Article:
The Office of the High Commissioner for Human Rights (OHCHR) released “Discriminatory laws and practices and acts of violence against individuals based on their sexual orientation and gender identity”, the first ever United Nations report addressing the human rights of lesbian, gay, bisexual and transgender (LGBT) people.
The report, submitted to the Human Rights Council for its nineteenth session (Geneva, March 2012), highlights the ongoing and vicious homophobic and transphobic violence and discriminatory practices fuelled by people’s sexual orientation or gender identity – practices that are insufficiently addressed and condemned by Member States. Every year, LGBT people all around the world face the threat of being murdered, kidnapped, assaulted, tortured, psychologically threatened or arbitrary deprived of liberty, whether by religious extremists, paramilitary groups, neo-Nazis, extreme nationalists, family or community members and others, the report explains. It also highlights that such violence often goes unreported, due to a lack of trust in police and law enforcement or fear for reprisals.
At a Human Rights Day event at UN Headquarters in New York, UN Assistant Secretary-General for Human Rights, Ivan Šimonović,said“In many countries, discrimination towards gay and lesbian people is hardwired into the law. […] We know from experience that discriminatory laws reinforce and lend legitimacy to discriminatory attitudes at a popular level. If the State treats some people as second class, or second rate, or, worse, criminals, because of their sexual orientation or gender identity, it invites members of the public to do the same. The result is an alarming and deeply entrenched pattern of violence and discrimination directed at people who are or are perceived to be lesbian, gay, bisexual or transgender.”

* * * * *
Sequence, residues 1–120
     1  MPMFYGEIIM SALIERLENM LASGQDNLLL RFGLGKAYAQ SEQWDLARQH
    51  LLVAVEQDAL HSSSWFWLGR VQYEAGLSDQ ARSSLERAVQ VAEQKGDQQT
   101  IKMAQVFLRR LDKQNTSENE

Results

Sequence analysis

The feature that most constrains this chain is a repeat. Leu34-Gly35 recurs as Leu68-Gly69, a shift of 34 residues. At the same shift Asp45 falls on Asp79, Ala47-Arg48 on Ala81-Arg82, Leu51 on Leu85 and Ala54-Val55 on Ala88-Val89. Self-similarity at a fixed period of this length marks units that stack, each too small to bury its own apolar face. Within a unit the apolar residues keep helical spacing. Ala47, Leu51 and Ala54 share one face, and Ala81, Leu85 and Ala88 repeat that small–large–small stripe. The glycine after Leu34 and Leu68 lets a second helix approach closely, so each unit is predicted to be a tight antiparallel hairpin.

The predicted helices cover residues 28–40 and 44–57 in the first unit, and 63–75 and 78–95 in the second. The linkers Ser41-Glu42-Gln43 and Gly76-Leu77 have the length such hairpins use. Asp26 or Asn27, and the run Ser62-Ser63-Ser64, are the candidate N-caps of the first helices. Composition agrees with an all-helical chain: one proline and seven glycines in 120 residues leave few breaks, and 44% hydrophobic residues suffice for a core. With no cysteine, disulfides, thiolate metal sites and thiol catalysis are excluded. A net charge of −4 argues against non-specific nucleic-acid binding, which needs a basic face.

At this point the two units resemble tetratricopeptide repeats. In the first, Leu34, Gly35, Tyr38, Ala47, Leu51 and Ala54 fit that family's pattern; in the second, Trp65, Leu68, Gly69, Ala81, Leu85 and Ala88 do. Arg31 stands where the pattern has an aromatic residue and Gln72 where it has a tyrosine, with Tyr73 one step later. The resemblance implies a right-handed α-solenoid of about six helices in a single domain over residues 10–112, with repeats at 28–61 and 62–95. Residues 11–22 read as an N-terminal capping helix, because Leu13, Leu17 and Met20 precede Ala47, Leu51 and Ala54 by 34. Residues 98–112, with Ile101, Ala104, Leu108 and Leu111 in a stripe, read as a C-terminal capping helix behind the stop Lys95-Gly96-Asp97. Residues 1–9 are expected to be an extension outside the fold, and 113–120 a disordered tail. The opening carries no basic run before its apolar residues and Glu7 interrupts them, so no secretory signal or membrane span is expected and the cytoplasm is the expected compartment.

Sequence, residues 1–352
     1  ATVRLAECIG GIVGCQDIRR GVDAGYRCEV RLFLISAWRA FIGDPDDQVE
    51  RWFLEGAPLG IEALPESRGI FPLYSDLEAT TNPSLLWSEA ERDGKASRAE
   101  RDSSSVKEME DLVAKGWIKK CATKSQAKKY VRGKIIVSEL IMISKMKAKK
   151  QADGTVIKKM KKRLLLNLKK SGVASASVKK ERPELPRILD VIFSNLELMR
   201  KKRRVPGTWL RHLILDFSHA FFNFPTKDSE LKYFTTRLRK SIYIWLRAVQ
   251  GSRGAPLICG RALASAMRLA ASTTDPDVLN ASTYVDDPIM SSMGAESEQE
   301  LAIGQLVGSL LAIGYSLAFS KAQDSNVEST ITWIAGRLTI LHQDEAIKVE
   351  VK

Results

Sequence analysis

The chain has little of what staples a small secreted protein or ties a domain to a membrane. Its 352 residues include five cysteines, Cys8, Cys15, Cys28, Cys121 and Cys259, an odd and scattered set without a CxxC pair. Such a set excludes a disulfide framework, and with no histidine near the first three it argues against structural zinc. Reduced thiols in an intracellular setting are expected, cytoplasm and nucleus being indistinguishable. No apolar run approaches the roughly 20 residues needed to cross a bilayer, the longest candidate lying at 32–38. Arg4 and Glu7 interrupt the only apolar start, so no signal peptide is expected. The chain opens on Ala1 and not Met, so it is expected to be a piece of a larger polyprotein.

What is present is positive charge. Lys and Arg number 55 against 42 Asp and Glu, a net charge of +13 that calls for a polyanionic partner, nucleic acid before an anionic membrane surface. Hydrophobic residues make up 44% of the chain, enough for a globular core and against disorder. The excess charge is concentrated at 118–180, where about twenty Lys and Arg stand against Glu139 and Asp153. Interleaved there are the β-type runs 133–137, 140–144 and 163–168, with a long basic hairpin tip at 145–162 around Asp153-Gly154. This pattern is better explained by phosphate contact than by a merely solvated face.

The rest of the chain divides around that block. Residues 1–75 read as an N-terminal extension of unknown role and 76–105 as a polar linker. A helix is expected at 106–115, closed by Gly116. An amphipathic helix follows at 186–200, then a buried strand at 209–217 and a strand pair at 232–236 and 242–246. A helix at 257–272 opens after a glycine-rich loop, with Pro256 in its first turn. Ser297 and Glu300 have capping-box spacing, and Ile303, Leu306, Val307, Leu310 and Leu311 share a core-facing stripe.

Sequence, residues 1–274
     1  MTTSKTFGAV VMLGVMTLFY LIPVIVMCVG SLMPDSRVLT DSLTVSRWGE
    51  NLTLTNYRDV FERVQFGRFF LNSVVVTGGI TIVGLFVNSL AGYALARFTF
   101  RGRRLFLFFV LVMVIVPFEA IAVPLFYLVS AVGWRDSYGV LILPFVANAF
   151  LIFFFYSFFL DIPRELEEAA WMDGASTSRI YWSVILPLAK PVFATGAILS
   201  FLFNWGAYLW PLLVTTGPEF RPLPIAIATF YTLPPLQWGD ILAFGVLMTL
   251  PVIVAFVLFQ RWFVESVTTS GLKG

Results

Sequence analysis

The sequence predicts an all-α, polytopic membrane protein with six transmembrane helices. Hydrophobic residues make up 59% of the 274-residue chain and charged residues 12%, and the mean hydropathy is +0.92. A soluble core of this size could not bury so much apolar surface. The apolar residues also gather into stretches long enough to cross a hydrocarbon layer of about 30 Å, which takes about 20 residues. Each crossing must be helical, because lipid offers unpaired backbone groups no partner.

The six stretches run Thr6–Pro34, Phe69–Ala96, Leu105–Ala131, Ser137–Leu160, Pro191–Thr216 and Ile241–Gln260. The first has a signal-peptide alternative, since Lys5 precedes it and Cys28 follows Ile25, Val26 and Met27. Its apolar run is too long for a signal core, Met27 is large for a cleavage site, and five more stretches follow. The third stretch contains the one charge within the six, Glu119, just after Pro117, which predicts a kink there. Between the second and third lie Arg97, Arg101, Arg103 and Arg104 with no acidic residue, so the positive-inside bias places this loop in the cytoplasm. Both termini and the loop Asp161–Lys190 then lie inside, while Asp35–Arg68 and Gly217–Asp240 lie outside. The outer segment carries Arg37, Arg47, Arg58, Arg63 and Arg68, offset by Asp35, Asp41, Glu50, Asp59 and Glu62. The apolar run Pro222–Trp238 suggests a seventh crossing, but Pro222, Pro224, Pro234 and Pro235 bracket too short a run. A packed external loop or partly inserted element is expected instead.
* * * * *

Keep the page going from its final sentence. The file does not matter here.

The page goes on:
To report proposes various responses for Member States to consider. Countries should, for example, abolish laws that criminalize homosexuality, as well as the death penalty for offences involving consensual sexual relation. The latter is still the case in Iran, Mauritania, Saudi Arabia, Sudan and Yemen. Counties should further harmonize the age of consent for heterosexual and homosexual conduct, and endorse comprehensive anti-discrimination laws. Killings or violence based on sexual orientation or gender identity should be thoroughly investigated. The report also calls for public information campaigns to educate society at large on the rights of LGBT people, which should have the same human rights as any other person in this world, and to eradicate homophobia and transphobia.
To read the full report, clickhere.